The deadly quake also shook loose an enormous amount of sediment, sending large volumes of earth sliding into the sea from the shore and also downslope from shallower to deeper portions of the Canal de Sud, adjacent to the southern prong of the island of Hispaniola. That caused water to slosh back and forth in the basin, like in a bathtub, and generated a small tsunami that killed several people.

The toll was miniscule compared to the hundreds of thousands believed to have been killed in and around Port-au-Prince. But the landslides bore important fruit for a team of scientists from Lamont-Doherty Earth Observatory and other institutions, including Queens College of the City University of New York, who came to study this part of the region immediately after the earthquake.

Within weeks of the disaster they were out on a research vessel studying the water column and drilling out long cylinders of mud and sand from deep in the Canal de Sud. They found that as some of the sediment unleashed in the landslides settled, it left patterns that reflected the water sloshing back and forth in the Canal de Sud. They were able to identify similar imprints further down in the sediment that were likely caused by landslides triggered by several previous quakes.

Their work, described in a paper published in the journal Geology, gives scientists another way to decode the seismic history of this and other regions, and to better assess the risks posed by future earthquakes.

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Japan’s Natural Hazards

Lamont-Doherty experts

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Japan’s earthquakes

First published on the Earth Institute and Lamont-Doherty web sites on March 30, 2011.

The Great Japan Earthquake: Where Did Scientists Go Wrong? from Earth Institute on Vimeo.

In the two and a half weeks since a massive earthquake struck Japan, scientists from the Lamont-Doherty Earth Observatory have been immersed in both studying the quake, and reaching out to the media and other organizations to explain what happened. Other Earth Institute experts have added their voices to the public conversation about natural hazards, preparedness and nuclear power.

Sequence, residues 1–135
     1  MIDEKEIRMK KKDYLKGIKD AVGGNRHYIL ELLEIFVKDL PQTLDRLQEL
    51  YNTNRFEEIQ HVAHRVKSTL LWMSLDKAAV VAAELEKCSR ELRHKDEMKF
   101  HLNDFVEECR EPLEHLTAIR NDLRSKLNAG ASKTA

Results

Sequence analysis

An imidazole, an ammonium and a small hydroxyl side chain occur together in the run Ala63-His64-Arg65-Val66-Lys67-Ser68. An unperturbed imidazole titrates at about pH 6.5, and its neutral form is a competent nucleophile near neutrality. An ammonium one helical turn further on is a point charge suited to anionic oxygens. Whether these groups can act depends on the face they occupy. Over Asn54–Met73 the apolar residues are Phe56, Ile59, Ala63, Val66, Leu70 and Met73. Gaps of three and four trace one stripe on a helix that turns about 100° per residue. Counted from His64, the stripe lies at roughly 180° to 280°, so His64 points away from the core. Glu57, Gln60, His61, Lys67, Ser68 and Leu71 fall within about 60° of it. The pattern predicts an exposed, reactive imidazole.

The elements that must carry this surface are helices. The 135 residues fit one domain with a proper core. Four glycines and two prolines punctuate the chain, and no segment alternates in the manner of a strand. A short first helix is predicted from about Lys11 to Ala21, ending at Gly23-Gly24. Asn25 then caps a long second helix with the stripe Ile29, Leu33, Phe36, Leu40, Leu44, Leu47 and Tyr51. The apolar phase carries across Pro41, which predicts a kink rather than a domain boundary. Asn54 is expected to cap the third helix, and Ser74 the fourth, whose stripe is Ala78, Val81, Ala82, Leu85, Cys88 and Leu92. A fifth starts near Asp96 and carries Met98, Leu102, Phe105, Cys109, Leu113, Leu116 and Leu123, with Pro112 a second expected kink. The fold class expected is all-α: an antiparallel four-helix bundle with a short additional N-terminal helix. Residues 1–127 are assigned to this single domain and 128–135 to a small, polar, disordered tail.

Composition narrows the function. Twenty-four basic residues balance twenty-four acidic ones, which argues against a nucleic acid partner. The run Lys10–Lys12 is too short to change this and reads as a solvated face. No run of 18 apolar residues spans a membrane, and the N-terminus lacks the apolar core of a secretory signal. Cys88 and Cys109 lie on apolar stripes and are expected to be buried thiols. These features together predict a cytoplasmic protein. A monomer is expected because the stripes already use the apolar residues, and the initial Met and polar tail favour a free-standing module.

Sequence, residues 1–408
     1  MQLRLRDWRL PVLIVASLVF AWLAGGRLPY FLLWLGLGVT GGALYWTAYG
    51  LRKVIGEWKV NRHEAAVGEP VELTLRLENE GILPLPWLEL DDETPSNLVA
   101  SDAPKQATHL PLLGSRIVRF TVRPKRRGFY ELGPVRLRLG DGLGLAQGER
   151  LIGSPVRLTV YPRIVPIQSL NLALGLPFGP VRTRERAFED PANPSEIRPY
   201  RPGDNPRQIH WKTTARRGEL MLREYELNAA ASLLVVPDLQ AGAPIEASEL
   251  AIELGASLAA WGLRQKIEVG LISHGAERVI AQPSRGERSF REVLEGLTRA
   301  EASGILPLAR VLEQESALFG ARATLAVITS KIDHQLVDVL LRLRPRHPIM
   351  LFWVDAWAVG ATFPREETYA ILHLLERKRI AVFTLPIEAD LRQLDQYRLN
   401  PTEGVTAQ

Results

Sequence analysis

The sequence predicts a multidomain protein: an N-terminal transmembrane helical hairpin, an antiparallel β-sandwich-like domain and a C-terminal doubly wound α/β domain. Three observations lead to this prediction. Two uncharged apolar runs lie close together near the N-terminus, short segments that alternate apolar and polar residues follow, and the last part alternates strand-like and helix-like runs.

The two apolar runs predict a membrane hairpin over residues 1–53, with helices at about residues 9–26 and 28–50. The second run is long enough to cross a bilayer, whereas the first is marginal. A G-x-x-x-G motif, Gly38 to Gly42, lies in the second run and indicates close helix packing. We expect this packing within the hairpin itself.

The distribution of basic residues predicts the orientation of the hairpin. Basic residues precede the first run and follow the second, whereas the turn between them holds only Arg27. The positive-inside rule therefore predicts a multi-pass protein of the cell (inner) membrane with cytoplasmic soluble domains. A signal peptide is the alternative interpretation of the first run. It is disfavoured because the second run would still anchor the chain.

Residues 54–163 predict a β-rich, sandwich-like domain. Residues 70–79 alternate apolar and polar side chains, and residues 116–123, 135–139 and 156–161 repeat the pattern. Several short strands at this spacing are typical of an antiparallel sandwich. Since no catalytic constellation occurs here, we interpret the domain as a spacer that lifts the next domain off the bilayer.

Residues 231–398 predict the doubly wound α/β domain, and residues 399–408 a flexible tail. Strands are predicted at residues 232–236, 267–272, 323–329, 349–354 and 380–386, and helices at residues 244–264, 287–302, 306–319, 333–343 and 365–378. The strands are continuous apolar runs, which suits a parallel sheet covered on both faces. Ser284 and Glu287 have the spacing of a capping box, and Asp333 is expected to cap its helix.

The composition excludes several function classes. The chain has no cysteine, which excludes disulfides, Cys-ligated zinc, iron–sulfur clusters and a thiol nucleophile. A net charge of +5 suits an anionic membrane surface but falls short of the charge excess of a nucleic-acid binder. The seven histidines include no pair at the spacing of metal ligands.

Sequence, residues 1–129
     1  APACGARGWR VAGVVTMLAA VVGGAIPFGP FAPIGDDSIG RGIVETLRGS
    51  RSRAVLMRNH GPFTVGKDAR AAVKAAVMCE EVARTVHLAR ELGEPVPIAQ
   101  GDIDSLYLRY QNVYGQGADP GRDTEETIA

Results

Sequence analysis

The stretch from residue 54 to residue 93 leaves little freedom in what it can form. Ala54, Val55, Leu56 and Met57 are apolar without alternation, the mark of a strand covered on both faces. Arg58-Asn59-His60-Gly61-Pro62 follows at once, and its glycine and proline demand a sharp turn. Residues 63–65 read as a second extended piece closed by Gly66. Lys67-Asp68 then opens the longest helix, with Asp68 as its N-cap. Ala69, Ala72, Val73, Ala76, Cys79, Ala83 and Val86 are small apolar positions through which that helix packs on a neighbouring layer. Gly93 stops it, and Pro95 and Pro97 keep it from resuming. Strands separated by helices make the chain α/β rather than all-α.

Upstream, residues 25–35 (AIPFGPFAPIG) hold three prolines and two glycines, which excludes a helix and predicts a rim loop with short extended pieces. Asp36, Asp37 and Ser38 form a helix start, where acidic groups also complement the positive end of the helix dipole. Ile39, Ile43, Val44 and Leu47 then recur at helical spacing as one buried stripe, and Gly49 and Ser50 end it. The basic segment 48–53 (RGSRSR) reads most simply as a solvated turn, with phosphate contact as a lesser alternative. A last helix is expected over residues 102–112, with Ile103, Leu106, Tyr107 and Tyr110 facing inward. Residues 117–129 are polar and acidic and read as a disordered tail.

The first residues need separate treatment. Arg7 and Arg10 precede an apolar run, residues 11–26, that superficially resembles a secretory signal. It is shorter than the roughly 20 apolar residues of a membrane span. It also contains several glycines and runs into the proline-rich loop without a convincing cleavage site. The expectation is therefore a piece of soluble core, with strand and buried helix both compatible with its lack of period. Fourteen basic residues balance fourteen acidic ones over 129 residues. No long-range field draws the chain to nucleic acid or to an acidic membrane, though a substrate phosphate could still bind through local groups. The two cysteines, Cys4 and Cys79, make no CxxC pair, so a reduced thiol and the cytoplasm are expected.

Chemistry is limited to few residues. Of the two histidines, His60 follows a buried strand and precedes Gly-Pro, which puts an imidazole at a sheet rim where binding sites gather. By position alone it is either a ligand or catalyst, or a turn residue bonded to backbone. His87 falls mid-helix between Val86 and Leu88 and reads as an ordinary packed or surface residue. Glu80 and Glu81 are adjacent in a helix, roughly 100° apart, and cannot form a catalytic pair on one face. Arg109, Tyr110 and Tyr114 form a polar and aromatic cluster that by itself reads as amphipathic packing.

Can we ever be prepared enough for such events? The Japanese were as experienced as any people on the planet when it comes to dealing with earthquakes. Yet they were caught off-guard by a once-in-a-thousand-year event. In a matter of hours, that same event washed ashore on the U.S. West Coast, a relatively minor reminder that we, too, may not always be ready when the power of natural forces takes charge.
The jolt in Japan stunned even scientists who’ve studied earthquakes all their lives. Chris Scholz, a Lamont-Doherty Earth Observatory professor with decades of experience looking at how earthquakes work, said he had thought a 9.0 magnitude quake like the one that struck near Sendai, Japan, was “impossible” in that area (see video). But it turns out the last comparable earthquake shook the same region in the year 869 and pushed a tsunami miles into the interior. Scientists were humbled by the realization that they simply had not looked back far enough to gauge the probability of such a huge event.